Barrowford is a large village and civil parish in Lancashire. It is situated to the north of Nelson on the other side of the M65 motorway, and forms part of the Nelson conurbation. It also comprises the area of Lowerford (not to be confused with its neighbour Higherford). The parish has a population of 6,171.
Barrowford is situated on the Marsden–Gisburn–Long Preston turnpike. One of the original toll houses, dating from 1804–05, can still be seen at the junction with the road to Colne, complete with a reproduction of the table of tolls which were paid. The toll house was restored in the 1980s and is owned by the trust which operates nearby Pendle Heritage Centre. Barrowford is located about a mile from the Leeds and Liverpool Canal, and a set of seven locks leads to the highest section of the canal between Barrowford and Barnoldswick.
About a mile on from the locks heading towards Leeds is Foulridge Tunnel known locally as the "Mile Tunnel". The packhorse bridge near Higherford Mill is the oldest in Barrowford, dating back to the end of the 16th century. It formerly lay on the old main road to Gisburn, which was superseded by the Turnpike road built in 1804. In September 2006, this mill was featured on the BBC's Restoration programme.
The village has a modern Anglican church (St Thomas') built to replace the original church of 1839, which burnt down in 1964. St Thomas's Primary School recently moved from its Victorian premises to a new building next door to the church.
The village has two rivers: Pendle Water, which flows through the town with trout that can often be seen, and Colne Water, which joins Pendle Water behind the site of the now demolished Samuel Holden cotton mill and flows down from the moors above the town of Colne; again this river holds good trout.
Barrowford has been a centre for textile production since at least the 16th century when a fulling mill is recorded as being in the village. Until the late 18th century, the manufacture of woollen cloth was the primary industry, but in 1780 the fulling mill was rebuilt by Abraham Hargreaves as a cotton mill.
The cotton mill was powered by a water wheel and fed by water drawn off at the weir on Pendle Water. What was the mill reservoir is now the ornamental pond in Barrowford Park, whilst remains of the mill survive in the corner of the nearby children's playground. For the next 50 years, cotton cloth was woven in the many handloom weavers' cottages which can still be seen along the village's main road.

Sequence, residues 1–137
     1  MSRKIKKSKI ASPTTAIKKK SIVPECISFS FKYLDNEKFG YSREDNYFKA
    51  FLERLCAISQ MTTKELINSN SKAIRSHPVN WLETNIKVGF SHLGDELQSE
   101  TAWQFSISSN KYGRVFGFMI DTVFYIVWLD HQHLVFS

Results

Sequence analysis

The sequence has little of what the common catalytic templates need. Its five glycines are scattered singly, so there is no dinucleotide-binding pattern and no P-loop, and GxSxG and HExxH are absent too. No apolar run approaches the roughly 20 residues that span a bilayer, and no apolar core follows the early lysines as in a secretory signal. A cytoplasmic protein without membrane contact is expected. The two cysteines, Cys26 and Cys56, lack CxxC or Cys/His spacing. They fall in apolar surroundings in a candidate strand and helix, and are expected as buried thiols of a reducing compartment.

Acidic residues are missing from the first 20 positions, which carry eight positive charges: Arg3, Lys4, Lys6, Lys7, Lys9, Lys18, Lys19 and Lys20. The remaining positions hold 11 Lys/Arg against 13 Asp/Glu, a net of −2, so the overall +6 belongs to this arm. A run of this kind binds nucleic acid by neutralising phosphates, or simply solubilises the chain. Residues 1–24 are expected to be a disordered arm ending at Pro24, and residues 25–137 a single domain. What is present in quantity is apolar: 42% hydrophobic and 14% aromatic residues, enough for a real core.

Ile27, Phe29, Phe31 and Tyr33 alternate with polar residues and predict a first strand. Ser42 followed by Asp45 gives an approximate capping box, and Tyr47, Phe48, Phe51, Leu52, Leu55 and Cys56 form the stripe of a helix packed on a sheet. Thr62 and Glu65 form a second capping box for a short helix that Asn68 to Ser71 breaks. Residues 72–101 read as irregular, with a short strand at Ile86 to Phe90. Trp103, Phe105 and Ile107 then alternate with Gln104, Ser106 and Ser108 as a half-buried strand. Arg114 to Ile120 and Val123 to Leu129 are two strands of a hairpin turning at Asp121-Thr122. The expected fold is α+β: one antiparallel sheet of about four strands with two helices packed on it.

As power looms were introduced into the cotton industry in north-east Lancashire in the 1820s, weaving gradually became a factory industry and production moved from the home to the massive weaving sheds which began to be constructed. Until recently, one of the last examples of a working weaving shed could be seen at the East Lancashire Towel Company, but the firm, which still produces traditional Terry towelling on Lancashire looms, moved to premises in Nelson, and ceased production in the United Kingdom altogether. The site of the former mill was redeveloped by Booths, which opened in November 2014.
Another weaving shed at Higherford Mill has been converted to artists' workshops. By the 1860s, the village was heavily reliant on the cotton mills for employment, and, along with the rest of Lancashire, was badly affected by the Cotton Famine during the American Civil War. The wall alongside the river opposite Barrowford Park was built during this period to provide work for unemployed weavers: the milestone, which projects from the wall, is dated 1866. However, little remains now of Barrowford's industrial past, and the village today is a tourist destination and home to commuters who work across the county.
- UK Census (2011). "Local Area Report – Barrowford Parish (1170215067)". Nomis. Office for National Statistics. https://www.nomisweb.co.uk/sources/census_2011_ks/report?compare=1170215067. Retrieved 8 February 2018
- Office for National Statistics : Census 2001 : Parish Headcounts : Pendle Retrieved 5 September 2015
| ("Wikimedia Commons" has material|